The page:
For the first time since the late-1970s, Americans are taking a serious look at small cars. The reconsideration is for usual reasons: the one-two punch of exorbitant gas costs and low sticker prices on nice, fresh models. And although the first quarter of this year didn't see a rampant hybrid or small vehicle buying frenzy -- trucks still outgun hybrids 23-to-1 after all -- the small car market is trending upwards.

Admittedly, the entry-level small car market is as petite as the vehicles that populate it, making up a mere 0.8 percent of the 17 million cars sold in the U.S. last year. But analysts see a boom coming. J.D. Power & Associates predicts the segment will nearly double, to 1.5 percent in the next four years. That would make it one of the fastest growing sectors in the industry.

Having felt the tremors, the major auto makers have started getting their "small" game ready. The model horizon is brimming with new entries from nearly every notable brand. Japanese automakers have prepared a trifecta of tiny cars, all new this year.


Toyota ditched the poorly selling Echo for the edgier Yaris, which is selling briskly. The company -- which rarely makes a losing bet -- has big hopes for the Yaris, forecasting 70,000 models will be sold next year. Sales of Toyota's youth-oriented Scion sub-brand are up an average eight percent this quarter over last year. Sales of the smallest of these, the Scion xA, are up a whopping 18 percent.

Honda is countering with a new small entry, the Fit, which has been a phenomenal hit for the brand all over the world, except in the U.S. Honda's hopes are a bit more modest than Toyota's, forecasting 50,000 Fit models will be sold in 2007. Nissan, meanwhile, will introduce a new Versa this summer, replacing the aging entry-level Sentra. All three manufacturers are fitting these new cars in the lineup under what were once the smallest models available in the U.S., such as the Honda Civic and Toyota Corolla, which have grown considerably with age.

Ford has the European-designed Focus, and General Motors is having great success with the Chevrolet Aveo -- introduced two years ago and the least expensive car on the market. The Chevrolet Cobalt, meanwhile, was one of the top 10 best-selling cars during the first quarter of this year, moving over 50,000 new vehicles. And many see Dodge capturing the small and fun-to-drive aesthetic of Volkswagen's past GTIs with the new Caliber hatch -- better, some say, than even VW's own recently renewed efforts.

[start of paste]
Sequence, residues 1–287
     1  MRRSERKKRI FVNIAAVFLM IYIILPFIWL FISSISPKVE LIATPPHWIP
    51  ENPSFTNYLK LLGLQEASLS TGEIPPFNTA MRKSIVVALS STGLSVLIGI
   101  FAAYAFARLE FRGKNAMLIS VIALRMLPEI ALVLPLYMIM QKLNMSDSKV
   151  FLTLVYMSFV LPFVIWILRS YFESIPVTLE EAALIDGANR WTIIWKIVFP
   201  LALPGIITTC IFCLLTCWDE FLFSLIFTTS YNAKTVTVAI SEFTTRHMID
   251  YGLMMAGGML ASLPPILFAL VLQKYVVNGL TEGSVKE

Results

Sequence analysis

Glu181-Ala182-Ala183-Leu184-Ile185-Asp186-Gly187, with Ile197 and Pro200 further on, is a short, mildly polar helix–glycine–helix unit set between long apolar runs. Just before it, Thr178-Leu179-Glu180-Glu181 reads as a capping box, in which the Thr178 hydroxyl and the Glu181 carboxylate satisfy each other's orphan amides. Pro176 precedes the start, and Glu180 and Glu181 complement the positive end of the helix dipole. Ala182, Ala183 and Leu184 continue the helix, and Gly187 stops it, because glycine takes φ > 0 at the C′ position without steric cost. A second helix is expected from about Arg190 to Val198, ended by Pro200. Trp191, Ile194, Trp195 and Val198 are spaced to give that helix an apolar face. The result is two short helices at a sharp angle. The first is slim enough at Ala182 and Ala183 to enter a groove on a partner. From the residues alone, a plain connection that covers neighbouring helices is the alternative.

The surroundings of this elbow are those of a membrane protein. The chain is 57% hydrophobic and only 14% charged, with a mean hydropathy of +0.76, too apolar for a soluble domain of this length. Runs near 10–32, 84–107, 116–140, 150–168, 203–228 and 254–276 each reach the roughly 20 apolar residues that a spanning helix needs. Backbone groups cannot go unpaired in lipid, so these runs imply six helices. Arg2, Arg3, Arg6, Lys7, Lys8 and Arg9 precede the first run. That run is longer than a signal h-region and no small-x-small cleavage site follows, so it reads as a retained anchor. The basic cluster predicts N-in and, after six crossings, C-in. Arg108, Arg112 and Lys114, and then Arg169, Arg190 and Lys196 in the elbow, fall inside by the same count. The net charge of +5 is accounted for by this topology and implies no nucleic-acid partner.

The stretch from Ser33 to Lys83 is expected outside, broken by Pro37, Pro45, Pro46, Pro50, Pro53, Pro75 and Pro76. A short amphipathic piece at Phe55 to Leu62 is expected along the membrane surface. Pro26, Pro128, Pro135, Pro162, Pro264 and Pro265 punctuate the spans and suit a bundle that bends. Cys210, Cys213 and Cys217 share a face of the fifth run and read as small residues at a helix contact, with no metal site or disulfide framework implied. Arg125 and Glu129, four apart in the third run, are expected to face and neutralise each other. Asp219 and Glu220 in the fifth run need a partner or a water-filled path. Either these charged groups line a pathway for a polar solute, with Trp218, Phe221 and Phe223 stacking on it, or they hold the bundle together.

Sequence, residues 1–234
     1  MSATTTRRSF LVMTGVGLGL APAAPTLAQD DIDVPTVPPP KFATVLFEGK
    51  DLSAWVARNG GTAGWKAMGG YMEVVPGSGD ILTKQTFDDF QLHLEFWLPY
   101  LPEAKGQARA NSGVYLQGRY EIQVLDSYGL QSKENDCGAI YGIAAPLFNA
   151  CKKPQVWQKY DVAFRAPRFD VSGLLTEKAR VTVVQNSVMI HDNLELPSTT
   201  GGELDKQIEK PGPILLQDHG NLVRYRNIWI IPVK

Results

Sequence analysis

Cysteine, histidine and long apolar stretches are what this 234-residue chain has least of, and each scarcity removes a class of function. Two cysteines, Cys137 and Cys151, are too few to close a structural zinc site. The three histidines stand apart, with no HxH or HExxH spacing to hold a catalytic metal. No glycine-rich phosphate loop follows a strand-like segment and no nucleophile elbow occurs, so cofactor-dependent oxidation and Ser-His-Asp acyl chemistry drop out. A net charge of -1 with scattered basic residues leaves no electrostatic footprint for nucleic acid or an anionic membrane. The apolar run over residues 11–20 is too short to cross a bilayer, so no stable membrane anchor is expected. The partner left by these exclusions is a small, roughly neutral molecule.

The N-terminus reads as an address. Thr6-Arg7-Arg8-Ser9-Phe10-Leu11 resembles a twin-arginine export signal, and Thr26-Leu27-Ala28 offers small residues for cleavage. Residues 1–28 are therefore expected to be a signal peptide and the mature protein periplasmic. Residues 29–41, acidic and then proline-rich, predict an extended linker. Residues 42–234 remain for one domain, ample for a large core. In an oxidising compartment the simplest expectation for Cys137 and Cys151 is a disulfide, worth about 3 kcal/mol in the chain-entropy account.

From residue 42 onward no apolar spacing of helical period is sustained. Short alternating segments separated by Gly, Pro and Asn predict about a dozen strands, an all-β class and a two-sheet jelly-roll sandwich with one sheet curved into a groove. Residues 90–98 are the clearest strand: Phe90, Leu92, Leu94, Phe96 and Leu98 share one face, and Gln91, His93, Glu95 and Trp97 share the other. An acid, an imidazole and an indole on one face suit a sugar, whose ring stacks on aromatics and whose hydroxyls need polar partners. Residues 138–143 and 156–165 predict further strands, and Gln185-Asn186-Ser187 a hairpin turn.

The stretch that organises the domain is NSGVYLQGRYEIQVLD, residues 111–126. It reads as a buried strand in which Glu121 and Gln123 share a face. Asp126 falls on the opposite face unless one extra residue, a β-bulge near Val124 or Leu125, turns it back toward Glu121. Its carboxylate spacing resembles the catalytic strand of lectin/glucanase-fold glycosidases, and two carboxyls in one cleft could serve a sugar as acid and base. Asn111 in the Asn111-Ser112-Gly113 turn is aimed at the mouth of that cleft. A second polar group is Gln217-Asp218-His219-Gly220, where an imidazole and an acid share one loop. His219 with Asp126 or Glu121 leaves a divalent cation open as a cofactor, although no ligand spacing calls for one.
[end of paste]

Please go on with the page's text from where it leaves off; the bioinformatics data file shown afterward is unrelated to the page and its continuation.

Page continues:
But the most convincing evidence of changing habits may be the introduction in the U.S. of small luxury cars, such as the recently released Audi A3. In Europe, where gas can cost as much as $6.60 a gallon, small luxury cars are a market staple, with miniature models from the likes of BMW, Mercedes and Alfa Romeo. Mercedes has been on again, off again in bringing smaller models stateside, but the phenomenally popular BMW 1 Series is coming this fall.

Not everyone is convinced the trend to minimize size is the way to go. Milton Pedraza, CEO of Manhattan's Luxury Institute, says the move to smaller vehicles can have a negative impact on luxury brands. "People want pure-breeds," he says. "Not just luxury badges on cars created to fill a niche."

Safety remains an issue as well. In 2004, for instance, compacts made up only 13.4 percent of the cars on the road, according to R.L. Polk registration data. That same year, however, the National Highway Traffic Safety Administration reported that 30 percent of all crash fatalities occurred in such vehicles. And it's not just that small cars fare poorly when they collide with larger sedans and SUVs: Half of all compact car fatalities occur in accidents involving only small vehicles.


It's by no means clear that Americans are ready to abandon their big cars forever. That fact was sardonically underlined last month when, a mere minutes after a press conference on renewable energy, Congressional leader Dennis Hastert (R-Ill.) was photographed bailing from the tiny, fuel-sipping vehicle he had left the press event in, bound for an environmentally unfriendly GMC SUV.

Indeed, America may never genuinely love small cars, but will make the best of the situation, agreeing to a marriage of convenience. Then again, the environmentally-conscious children of baby boomers -- "echo-boomers" as they're being called -- are beginning to buy their first cars. And growing public debate combined with continually rising fuel prices and a raft of new models could add up to the perfect recipe for the permanent revival of the small car. The major automakers, at least, are counting on it.

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